Thursday, September 8, 2011

Score One for the Internet

The other day I was at the clinic to have blood drawn for some tests. I told the young lady poking me with a needle that the blood culture had to be done for 21 days rather than the usual 3 days in order to detect brucellosis. She said that she saw brucella on the order but nothing about 30 days. I insisted that it was necessary, because brucella is hard to detect. I had read that on the internet. She had never heard of brucella, but she went to ask the the microbiologist. When she returned, she said, "Score one for the internet. We would have thrown out the culture after 3 days."

There are only 200 cases of brucellosis in the US. The point is that health care can be improved if the public is educated about how to do internet research properly. My own doctor has never seen a case, although he learned about the disease in medical school. Doctors find patient research on the internet to be annoying, but when done right, patients can contribute to their own diagnosis.

What would you say are the key features of useful amateur internet research?


Ira Glickstein said...

Joel, thanks for showing the value of citizen medical researchers like yourself who take responsibility for learning about possible diseases to which they or their loved ones may be subject, and, -in your case- informing the medical professionals of what you found.

I never heard of Brucellosis, but it seems nasty, and related to contact with domesticated animals. What might you have been doing in that regard?

Here is some info I found at the National Institutes of Health:

Brucellosis is also known as: Rock fever; Cyprus fever; Undulant fever; Gibraltar fever; Malta fever; Mediterranean fever.

Brucellosis is an infectious disease caused by contact with animals carrying bacteria called Brucella.

Causes, incidence, and risk factors

Brucella can infect cattle, goats, camels, dogs, and pigs. The bacteria can spread to humans if you come in contact with infected meat or the placenta of infected animals, or if you eat or drink unpasteurized milk or cheese.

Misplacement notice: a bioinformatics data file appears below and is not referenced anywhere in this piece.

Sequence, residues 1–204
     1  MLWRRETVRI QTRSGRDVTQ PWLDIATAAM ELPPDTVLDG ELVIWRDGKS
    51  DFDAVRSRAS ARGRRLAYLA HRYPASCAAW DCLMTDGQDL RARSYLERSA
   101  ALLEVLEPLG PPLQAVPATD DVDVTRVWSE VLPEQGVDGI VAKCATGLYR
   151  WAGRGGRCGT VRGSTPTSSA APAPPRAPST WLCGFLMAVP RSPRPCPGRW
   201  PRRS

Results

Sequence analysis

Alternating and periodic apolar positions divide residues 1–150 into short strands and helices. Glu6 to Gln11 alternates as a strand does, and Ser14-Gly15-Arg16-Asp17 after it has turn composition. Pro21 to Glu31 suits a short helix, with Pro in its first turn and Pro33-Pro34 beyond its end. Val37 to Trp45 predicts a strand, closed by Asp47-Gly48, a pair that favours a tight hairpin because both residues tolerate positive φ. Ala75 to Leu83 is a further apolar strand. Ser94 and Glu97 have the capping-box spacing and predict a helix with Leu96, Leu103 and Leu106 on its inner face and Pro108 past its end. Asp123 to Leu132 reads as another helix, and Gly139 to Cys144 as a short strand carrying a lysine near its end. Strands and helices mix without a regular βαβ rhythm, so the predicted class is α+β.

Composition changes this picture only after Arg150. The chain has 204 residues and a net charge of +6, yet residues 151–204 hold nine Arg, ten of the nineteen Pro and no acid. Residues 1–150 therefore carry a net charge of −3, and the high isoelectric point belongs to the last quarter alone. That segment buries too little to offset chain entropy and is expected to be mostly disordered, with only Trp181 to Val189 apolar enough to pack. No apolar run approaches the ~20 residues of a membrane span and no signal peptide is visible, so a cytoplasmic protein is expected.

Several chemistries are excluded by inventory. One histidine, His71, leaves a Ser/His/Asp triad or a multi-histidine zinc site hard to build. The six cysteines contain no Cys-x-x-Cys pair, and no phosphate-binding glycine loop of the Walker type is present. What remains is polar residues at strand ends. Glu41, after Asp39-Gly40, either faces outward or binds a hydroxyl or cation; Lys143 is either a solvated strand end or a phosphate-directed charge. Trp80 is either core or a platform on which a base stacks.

Brucellosis is rare in the United States, with approximately 100 - 200 cases each year.

People working in jobs requiring frequent contact with animals or meat -- such as slaughterhouse workers, farmers, and veterinarians -- are at high risk.

Good luck Joel, and I hope the test comes out negative.

Ira Glickstein

joel said...

I don't hope the test is negative. It would explain a lot of "undulent" fevers that I've had during my life. I had contact with a goat imported from Morocco to Paris and also ate lots of "artisanal" goat cheese while in France. Detecting Brucellosis is a very iffy thing even when it's a likely candidate. My point is that with all our national discussion of health expense, there has been no discussion of what part the patient might play in cutting costs. I believe there is an important potential. Diagnosis and misdiagnosis is a very significant cost. Also, my doctor's office has a sign that says, "Don't hesitant to ask your doctor if he/she has washed his/her hands."

Ira Glickstein said...

Good luck Joel and I hope you get the test result that explains your symptoms.

Looking at the larger picture, is it clear that patient participation and self-research will actually reduce costs? I think most of the info on the Web is well-intentioned and basically correct, but some is slanted towards some alternative medicine interests and other stuff is dead wrong. You and I and other readers of this Blog are probably better suited to interpret the correct information and reject the incorrect, but is that true of the general population?

Could self-research lead to hypochondria? I remember hearing that certain medical-related TV drama programs would trigger some viewers to go to their doctors and report symptoms of the particular disease of that week.

You've probably heard of the sign at the auto repair shop that says:

Labor charge - $50/hour
If you watch - $75/hour
If you help - $100/hour

I would ever actually ask my nurse or doctor if he or she had washed his or her hands between the last patient and me. If he or she had, they would probably think I was a busybody, and, if they hadn't, they would probably lie about it. So, the only way to be sure is to insist on watching them wash their hands.

Ira Glickstein

joel said...

Hypochondria is a popular argument among physicians who want to maintain their position against the rabble. It is the reason why I say that the public needs to be educated about how to make proper use of the internet. Internt forums, for instance, are not an appropriate source of information. No matter what you are for or against , you can find a forum which supports your point of view. However, scholarly papers are a valid source of information that may be made accessible to the public.
We can take breast self-examination as an example of public medical education that actually makes a difference. It's fascinating to see how experts are divided over whether or not women should be educated and encouraged to use self-examination. In Canada, an odd argument against education is that it causes more biopsies to be performed and therefore more expense to a publicly funded medical system. (see